Category Archives: birds
On Sunday I alternately dozed, sun-drunk, and watched the birds in the yard after raking leaves. Once when I wakened from dozing I saw the reason why we occasionally find blood on the deck. The Coopers hawk dove through the … Continue reading
Today was our friend Hely’s 70th birthday so we went out looking for birds. We saw kestrels, Cooper’s hawks, Harriers, PELICANS (first this year!), great blue herons, American egrets, PURPLE MARTINS back in their houses, swifts, bank swallows and tree … Continue reading
I came home before dark yesterday and saw this pair of Cooper’s hawks in the yard. They are likely the perpetrators of the mid-air murder I saw last week sometime.
On this rainy, gloomy Sunday I insisted we go to the arboretum to see what might be coming up out of the ground. And we did go, ate breakfast on the way out in hopes the rain would abate some. … Continue reading
This morning outside my workplace I saw a cluster of crow feathers on the ground, the big wing feathers, along with dozens of little inside downy feathers. I think an owl must have made a dinner of crow last night. … Continue reading
There have been big flocks of blackbirds moving through the park, mostly grackles but redwings among them. Here are some I saw this morning: And Britches at home on Thursday morning. She looks alot like her mother these days.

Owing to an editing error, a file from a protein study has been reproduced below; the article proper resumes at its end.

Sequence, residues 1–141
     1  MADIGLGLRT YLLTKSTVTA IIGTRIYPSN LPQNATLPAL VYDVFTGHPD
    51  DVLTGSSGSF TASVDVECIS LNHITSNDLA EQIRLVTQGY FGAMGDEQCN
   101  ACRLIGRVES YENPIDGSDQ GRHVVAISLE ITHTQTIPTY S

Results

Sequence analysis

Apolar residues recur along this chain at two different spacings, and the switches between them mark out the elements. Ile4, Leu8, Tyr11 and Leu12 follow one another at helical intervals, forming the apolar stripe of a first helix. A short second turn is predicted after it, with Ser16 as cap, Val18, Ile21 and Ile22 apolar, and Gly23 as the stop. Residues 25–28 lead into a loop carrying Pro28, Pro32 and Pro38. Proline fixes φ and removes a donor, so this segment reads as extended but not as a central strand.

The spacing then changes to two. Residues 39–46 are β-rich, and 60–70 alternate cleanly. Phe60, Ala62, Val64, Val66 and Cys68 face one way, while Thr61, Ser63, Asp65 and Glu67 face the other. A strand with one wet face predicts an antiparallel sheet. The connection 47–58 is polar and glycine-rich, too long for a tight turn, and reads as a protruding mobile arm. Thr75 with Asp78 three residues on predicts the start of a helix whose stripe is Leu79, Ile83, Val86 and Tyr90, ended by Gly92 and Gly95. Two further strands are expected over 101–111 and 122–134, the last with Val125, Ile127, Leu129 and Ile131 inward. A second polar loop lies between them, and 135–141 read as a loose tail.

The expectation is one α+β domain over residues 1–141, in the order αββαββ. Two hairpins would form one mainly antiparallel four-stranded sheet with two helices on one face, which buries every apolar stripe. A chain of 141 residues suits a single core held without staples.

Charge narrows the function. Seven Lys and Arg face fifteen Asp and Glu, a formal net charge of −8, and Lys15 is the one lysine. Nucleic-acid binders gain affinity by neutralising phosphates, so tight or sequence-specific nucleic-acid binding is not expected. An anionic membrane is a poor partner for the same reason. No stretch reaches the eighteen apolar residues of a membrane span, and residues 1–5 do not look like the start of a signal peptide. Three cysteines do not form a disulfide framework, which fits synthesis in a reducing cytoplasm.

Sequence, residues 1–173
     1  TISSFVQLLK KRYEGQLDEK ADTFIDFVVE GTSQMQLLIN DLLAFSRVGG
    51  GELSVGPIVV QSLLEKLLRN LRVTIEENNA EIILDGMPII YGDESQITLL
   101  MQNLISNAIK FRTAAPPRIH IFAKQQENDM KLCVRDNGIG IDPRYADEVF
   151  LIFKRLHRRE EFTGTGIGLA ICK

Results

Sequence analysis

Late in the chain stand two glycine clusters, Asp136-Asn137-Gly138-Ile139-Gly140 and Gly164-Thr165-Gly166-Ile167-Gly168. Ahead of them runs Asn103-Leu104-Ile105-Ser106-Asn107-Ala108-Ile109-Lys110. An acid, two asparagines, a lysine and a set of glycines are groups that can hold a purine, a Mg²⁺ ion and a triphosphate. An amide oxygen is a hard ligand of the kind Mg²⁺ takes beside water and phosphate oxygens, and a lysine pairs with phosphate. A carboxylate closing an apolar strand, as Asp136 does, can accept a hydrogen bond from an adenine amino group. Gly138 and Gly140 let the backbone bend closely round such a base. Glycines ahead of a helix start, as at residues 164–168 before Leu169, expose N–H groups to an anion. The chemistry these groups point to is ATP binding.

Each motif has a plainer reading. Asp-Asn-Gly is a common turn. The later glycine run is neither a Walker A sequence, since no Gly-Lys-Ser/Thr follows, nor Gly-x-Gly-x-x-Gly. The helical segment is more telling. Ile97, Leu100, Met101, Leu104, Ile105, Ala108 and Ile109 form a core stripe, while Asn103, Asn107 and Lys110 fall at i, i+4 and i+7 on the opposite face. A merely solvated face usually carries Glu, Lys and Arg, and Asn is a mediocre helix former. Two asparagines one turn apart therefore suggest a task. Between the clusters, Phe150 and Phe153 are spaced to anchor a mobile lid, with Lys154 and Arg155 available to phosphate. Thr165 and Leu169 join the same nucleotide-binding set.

This morning I saw the male redwings waiting in the trees around the Muny for the females. Last year I didn’t see the first one until February 23rd. Fly fishermen have been fogging the lake since the 1st, when it … Continue reading
I’ve been reading in a book of poetry by Robert Penn Warren which I inherited from my mother. In it is a series of poems inspired by the life of James Audubon who, I learned in the intro, was born … Continue reading
At dusk this evening we walked in the park. The red wing blackbirds had quieted down. We saw 2 young raccoons up high in a gingko tree, eating those fruits. And a timber doodle, aka woodcock, flew across the path … Continue reading